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Home Buying in East Detroit : Real Estate Advice

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Activity 6
Sun May 18, 2014
aftervince1973 answered:
Get a flexible credit loan. This program assists homeowners who have recently been through a foreclosure, short sale or have recently emerged from bankruptcy. ... more
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Sun Dec 29, 2013
Nancy Knupfer answered:
Typically you need to have a substantial down payment, show a history of on-time payments, and show that your financial situation would improve enough within the time period of the land contract so that you would be able to get a mortgage at the end of the land contract term.

Nancy Knupfer
Associate Broker/REALTOR
Keller Williams Realty
... more
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Wed Jun 19, 2013
Michael Meram answered:
Hello, I would love to help you sell your current home and help you find a new home that best suites your needs
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Fri Nov 30, 2012
Lauren Quigley answered:
Dear Coretta,

Most lenders are requiring a 620 credit score or greater at this time. The most inexpensive loan product requiring the least down is FHA at 3.5% down. So it looks like you'll have to wait abit for both figures to increase. Fannie Mae/Freddie mac homes offer 3% downpayment however many of their homes require costly repairs before you can occupy the dwelling. (ie. missing furnace, or missing kitchen cupboards, etc.- very few are close to move in ready.)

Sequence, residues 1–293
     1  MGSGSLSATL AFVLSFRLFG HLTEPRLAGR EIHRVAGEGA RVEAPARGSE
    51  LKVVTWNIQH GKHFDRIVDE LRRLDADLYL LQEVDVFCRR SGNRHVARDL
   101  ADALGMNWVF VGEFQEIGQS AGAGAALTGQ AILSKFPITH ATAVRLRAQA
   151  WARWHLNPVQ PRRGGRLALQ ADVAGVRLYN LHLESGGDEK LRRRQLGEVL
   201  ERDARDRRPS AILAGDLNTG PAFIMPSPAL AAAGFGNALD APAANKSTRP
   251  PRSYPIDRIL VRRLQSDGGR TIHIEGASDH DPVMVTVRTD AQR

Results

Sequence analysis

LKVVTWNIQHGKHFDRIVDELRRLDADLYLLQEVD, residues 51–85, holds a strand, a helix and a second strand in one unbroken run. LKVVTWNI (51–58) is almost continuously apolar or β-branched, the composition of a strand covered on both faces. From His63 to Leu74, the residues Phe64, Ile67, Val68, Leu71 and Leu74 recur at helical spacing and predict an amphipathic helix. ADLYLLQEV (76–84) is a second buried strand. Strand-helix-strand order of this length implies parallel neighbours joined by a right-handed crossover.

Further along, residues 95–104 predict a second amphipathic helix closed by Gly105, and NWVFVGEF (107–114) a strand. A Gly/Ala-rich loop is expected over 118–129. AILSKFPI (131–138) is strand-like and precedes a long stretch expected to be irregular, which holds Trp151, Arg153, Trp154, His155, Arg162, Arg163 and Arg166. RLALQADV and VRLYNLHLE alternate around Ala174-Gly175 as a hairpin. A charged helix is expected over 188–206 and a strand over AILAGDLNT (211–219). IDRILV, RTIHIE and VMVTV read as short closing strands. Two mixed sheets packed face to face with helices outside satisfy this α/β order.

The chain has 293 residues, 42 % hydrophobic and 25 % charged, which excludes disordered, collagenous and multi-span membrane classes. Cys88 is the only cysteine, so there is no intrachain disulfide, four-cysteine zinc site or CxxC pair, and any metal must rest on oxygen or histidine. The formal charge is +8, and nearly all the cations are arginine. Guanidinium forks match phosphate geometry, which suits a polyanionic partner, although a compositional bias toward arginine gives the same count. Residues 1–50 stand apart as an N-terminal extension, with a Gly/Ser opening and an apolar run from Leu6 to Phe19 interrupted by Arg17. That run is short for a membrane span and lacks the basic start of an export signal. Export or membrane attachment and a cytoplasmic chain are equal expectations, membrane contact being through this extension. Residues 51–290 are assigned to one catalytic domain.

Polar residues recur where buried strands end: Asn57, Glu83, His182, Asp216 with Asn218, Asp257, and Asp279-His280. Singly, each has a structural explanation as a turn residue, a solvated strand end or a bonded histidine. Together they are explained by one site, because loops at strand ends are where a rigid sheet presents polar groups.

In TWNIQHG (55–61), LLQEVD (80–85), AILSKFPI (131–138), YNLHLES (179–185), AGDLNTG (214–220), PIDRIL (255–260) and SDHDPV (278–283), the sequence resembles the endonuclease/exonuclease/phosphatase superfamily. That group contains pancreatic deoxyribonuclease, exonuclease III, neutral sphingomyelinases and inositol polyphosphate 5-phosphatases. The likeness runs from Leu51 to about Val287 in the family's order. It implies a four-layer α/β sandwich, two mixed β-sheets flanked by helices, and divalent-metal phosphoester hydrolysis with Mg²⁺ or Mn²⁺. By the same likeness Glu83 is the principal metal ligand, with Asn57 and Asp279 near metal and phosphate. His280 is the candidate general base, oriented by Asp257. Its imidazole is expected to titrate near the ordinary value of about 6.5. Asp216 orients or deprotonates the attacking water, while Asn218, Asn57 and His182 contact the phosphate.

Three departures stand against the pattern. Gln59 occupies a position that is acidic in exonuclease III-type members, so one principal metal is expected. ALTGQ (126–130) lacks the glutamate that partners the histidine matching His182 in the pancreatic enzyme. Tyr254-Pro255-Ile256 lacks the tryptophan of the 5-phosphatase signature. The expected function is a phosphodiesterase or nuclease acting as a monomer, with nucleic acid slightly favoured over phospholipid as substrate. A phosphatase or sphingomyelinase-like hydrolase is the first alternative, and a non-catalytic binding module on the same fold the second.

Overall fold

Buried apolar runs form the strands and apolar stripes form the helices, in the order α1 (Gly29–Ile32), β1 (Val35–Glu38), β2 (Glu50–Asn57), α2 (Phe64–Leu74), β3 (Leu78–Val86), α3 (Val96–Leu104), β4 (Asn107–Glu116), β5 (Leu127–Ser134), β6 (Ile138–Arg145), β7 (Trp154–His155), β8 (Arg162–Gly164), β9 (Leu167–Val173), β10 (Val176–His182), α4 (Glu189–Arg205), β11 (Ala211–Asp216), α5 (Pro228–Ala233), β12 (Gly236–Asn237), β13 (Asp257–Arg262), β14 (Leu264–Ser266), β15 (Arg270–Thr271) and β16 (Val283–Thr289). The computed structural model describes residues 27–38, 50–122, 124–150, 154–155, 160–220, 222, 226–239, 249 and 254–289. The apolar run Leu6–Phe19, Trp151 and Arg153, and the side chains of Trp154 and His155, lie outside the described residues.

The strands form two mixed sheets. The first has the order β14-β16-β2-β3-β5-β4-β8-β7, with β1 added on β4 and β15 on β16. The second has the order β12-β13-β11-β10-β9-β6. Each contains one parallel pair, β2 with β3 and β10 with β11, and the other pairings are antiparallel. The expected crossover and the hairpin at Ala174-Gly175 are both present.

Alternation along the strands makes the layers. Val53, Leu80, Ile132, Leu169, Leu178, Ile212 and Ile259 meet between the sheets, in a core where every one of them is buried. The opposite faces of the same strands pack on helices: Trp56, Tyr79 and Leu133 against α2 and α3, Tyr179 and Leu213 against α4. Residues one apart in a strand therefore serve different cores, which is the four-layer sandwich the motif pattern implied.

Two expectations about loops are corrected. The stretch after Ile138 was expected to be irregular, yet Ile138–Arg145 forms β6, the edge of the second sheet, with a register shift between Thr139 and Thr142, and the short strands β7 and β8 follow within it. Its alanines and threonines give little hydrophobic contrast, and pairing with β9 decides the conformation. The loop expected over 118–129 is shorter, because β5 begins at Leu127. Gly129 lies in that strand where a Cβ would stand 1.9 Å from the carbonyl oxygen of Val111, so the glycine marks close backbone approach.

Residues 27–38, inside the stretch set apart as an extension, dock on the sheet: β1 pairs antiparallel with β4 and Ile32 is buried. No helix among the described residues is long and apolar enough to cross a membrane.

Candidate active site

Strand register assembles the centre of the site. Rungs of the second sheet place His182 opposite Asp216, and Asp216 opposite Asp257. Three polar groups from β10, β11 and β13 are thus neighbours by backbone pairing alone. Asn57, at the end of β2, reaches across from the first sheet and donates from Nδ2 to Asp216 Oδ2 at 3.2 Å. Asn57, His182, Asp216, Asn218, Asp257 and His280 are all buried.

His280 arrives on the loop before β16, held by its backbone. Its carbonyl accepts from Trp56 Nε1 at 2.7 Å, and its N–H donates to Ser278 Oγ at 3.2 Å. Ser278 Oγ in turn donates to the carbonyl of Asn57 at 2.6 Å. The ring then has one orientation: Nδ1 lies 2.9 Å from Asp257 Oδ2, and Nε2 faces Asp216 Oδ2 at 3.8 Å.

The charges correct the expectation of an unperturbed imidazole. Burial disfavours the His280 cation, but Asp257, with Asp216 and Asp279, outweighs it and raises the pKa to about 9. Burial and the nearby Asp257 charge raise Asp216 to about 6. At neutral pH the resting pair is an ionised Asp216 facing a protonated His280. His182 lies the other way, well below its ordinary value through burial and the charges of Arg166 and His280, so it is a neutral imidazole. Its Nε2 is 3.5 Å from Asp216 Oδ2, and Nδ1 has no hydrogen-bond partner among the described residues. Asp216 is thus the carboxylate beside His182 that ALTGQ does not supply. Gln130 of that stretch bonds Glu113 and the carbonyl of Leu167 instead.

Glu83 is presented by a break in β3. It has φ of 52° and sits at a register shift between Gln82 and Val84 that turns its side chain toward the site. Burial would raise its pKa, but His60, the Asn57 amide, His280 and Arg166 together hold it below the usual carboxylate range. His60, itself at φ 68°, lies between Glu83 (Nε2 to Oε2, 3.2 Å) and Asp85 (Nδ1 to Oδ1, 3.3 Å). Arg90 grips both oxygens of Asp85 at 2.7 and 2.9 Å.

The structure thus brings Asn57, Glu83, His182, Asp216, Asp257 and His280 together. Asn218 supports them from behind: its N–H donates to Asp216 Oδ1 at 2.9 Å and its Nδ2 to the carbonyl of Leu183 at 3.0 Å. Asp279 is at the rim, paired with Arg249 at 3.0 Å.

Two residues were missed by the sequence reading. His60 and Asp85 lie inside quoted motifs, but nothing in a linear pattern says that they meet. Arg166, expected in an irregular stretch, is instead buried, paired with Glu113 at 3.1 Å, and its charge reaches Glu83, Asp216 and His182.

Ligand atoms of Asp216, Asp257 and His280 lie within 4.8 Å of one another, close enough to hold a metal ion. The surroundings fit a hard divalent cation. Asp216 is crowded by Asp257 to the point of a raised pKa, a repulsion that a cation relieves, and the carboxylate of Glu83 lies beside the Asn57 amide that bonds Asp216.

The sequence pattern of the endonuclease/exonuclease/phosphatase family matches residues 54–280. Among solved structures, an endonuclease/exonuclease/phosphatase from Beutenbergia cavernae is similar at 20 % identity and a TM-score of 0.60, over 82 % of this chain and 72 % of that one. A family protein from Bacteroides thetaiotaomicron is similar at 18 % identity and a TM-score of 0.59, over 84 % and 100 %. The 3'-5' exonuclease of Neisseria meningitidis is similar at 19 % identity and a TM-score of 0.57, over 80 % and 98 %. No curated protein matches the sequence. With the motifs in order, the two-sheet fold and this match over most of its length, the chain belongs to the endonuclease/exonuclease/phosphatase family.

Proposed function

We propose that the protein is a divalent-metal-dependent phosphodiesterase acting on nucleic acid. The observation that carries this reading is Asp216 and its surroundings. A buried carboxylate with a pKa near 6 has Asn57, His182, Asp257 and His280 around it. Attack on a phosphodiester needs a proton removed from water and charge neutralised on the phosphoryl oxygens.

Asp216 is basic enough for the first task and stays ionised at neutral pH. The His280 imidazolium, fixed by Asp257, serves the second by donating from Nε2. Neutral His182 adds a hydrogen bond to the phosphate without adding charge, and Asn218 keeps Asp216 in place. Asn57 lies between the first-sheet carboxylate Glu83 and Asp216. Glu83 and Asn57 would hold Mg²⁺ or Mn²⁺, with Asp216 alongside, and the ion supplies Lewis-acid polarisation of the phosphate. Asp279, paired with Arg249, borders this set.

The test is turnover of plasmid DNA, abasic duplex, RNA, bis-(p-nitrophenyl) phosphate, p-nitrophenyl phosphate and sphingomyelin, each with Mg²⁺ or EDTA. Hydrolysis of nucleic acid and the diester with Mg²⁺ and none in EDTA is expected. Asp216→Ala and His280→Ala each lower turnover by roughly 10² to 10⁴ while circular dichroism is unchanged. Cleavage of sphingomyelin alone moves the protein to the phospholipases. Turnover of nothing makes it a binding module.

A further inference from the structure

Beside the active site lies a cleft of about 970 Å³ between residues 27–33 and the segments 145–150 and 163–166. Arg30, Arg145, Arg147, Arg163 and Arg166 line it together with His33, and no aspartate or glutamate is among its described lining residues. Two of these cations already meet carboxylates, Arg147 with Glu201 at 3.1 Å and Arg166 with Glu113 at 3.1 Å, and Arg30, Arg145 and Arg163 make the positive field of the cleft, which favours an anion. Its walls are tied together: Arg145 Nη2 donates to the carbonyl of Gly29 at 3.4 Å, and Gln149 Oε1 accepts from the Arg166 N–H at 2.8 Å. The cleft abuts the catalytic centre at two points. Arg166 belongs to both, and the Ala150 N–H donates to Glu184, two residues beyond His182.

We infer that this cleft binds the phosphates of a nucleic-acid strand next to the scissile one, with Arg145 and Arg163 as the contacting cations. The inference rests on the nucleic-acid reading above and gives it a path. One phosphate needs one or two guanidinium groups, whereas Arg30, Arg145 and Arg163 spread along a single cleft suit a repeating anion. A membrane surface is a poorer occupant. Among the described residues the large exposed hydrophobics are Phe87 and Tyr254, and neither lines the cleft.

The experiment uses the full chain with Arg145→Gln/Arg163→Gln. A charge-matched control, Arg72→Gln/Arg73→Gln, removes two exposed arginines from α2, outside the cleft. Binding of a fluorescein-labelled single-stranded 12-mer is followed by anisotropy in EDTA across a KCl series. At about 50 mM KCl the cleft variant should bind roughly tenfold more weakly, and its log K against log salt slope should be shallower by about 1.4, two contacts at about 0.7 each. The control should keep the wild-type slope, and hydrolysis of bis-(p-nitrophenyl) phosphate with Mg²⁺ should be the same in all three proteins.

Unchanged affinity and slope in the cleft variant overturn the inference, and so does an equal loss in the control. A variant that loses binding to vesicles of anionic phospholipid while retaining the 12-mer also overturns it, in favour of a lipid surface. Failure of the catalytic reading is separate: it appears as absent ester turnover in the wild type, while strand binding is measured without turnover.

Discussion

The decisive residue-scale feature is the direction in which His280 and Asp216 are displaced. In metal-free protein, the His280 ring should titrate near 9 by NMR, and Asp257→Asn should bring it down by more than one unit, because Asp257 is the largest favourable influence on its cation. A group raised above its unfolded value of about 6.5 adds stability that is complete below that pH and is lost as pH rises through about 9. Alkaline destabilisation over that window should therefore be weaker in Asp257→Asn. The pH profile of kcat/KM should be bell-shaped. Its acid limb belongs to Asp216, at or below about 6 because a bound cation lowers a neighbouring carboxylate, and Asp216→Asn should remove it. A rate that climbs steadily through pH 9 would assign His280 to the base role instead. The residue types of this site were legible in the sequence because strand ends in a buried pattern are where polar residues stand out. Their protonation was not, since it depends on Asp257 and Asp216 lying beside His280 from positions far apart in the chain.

Do you need some help with credit repair? I know a reputable person for you be in touch with if you want help with that,

Lauren Quigley, ABR,
... more
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Wed May 30, 2012
Darrell D. Drouillard answered:
I had a friend that put it into perspective very easily for me awhile back - people with bad credit worked real hard to get there. It takes work to actively overspend, avoid paying bills that you owe, and seek a lifestyle outside your means. It can sometimes take years of neglect to get scores low enough to call it "bad credit." People who work so hard at using other peoples money with no intent of repaying for so long is what keeps the rental market so strong. Good luck. ... more
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Tue May 31, 2011
Don Tepper answered:
Definitely get a Realtor, as the others advise.

As I understand it, a lot of property in Detroit is virtually worthless. So prices can be very low.

A couple of quick observations:

If you rent, make sure the property isn't in foreclosure, and isn't heading there. Otherwise, you could find yourself homeless in a few months.

If you buy, do it right. Make sure there's a good title search, and that you buy title insurance. You want to make sure there aren't any liens or judgments attached to the property.

As for whether there will be a down payment: If you buy conventionally, the lender would require one. (Unless you're doing a VA loan, or some other program that doesn't require a down payment.)

If you're dealing with owner financing (or something else, such as a lease-option), that's fully negotiable. The seller would prefer a down payment. You'd be better off with as small a one as possible--or none. Again, though, that's negotiable.

So, go and get a Realtor. Make sure it's one with some experience and one who understands creative financing.

Hope that helps.
... more
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